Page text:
The Struggle to Vaccinate People in Jails and Prisons

Governor Polis’ cavalier attitude toward the wellbeing of incarcerated people seems to be shared by some in the criminal justice system. Both Mercado and Taylor, along with prison watchdog organizations, describe prison and jail “quarantine” practices as arbitrary and ineffective. “From the very beginning, the way outbreaks have been managed is just catastrophically bad,” says Ken Hartman, advocacy director for the Transformative In-Prison Workgroup, a nonprofit dedicated to furthering rehabilitative and therapeutic programing for incarcerated people. “The strategy was ‘We have an outbreak at Prison X, so let’s move some of people to Prison Y.’” (According to all the health experts WIRED spoke with, this is a bafflingly counterproductive blunder.) Mercado reports that at Central California Women’s Facility people who tested positive were still allowed to reenter shared cells to collect their belongings, and that quarantine measures were inconsistent. Sometimes only the person who tested positive would be isolated, and other times all the cellmates would be dispersed to different parts of the facility. “They were making it up as they went along,” says Taylor of the rules at California State Prison in Lancaster.

While a certain amount of confusion is understandable during such an unprecedented and rapidly changing situation, reports from formerly incarcerated individuals depict correctional staff as less overwhelmed than deliberately defiant of Covid-19 guidelines. All over the country, in state and federal facilities, from minimum security jails to execution chambers, staff members have failed to wear masks and caused outbreaks. “Part of the problem is that the guards inside are frankly Trumpian sort of folks,” Hartman says. “It’s not every guard, but the reality is that a lot of them are likely to downplay [the dangers of Covid].”

Regardless of the staff’s political beliefs, individuals allegedly behaved in ways that demonstrated they were aware of Covid-19 safety precautions but flouted them anyway. “There was a team from Sacramento who came around and checked [that everyone was] social distancing, and every time they would come in, staff would make an announcement: ‘If you don’t wear your mask and social distance, I’m going to write you up,’” Mercado says. “But afterwards they’d come around and say, ‘I don’t care if you wear your mask or not. I don’t care if you die.’”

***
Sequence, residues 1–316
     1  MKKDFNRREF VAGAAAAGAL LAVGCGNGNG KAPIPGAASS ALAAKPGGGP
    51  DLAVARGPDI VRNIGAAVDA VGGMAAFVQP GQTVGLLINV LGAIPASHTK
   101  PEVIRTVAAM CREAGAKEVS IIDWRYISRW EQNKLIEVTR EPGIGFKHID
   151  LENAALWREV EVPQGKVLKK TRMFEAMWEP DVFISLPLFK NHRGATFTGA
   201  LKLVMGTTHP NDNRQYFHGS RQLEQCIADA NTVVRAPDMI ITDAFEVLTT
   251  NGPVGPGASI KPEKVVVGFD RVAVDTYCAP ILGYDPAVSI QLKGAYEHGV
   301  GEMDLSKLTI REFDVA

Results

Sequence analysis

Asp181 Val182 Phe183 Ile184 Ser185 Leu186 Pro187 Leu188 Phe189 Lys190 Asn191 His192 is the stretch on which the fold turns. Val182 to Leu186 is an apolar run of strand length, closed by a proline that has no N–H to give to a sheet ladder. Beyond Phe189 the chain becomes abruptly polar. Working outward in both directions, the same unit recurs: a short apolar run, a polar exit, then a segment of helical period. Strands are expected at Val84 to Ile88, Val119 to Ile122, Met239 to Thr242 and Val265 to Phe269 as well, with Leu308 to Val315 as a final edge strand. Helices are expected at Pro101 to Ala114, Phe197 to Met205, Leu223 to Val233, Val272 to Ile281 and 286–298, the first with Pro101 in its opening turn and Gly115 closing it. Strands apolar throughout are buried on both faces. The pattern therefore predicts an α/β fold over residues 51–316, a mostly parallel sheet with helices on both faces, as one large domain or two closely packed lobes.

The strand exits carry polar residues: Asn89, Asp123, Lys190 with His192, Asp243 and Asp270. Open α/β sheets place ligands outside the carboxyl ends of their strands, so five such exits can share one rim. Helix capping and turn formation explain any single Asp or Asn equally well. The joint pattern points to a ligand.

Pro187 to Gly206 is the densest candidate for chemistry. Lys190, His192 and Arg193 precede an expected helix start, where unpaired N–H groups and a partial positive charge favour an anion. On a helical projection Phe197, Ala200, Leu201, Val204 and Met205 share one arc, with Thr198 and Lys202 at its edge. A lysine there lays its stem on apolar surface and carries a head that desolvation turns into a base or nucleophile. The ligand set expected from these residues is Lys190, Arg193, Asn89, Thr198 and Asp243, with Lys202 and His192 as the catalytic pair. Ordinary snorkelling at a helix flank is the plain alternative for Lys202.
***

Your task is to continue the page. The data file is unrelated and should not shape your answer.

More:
A spokesperson for the California Department of Corrections and Rehabilitation declined to comment on any of the allegations, stating that their policy is not to comment on any allegations that haven’t been noted in an official report.

According to advocates, the result of the inconsistent and poorly planned Covid-19 management is the erosion of what little trust existed between incarcerated people and facility staff. “When I talk to people who are still inside, what I’m getting is a lot of outrage,” Taylor says. “And I agree.” Mercado’s experience has been much the same, and she also reported witnessing rising levels of violence as frustrations boiled over. “I was personally frustrated by the statements staff were making because they rile people up,” she says. “They’re moving people around. People are having symptoms and staff are refusing medical aid. It’s very stressful. So people started getting angry and breaking windows because the staff were not helping them.” They’re far from alone. Incarcerated people have protested and even rioted over their Covid-19 conditions everywhere, from Kansas to Oregon to Venezuela to Sri Lanka.

sanitation workers cleaning stairs

The situation would be awful on any day, but these conditions are particularly unhelpful when you’re trying to convince people to let facility medical staff vaccinate them. “The vaccine cannot be mandated. You can’t pin someone down and jab them with a needle,” says Corene Kendrick, deputy director of the ACLU National Prison Project. The reason for that is not just that it would violate incarcerated people’s rights to a shade of bodily autonomy, but also that it would reflect the United States’ shameful history of medical experimentation on incarcerated people, especially incarcerated people of color. “People in prison are predominately people of color, and Black people have very legitimate reasons why they don’t trust the medical system. There was already a sense of distrust, and the bad decisions that were made didn’t help [facility staff’s] cause,” says Hartman. “This has caused vaccine resistance.”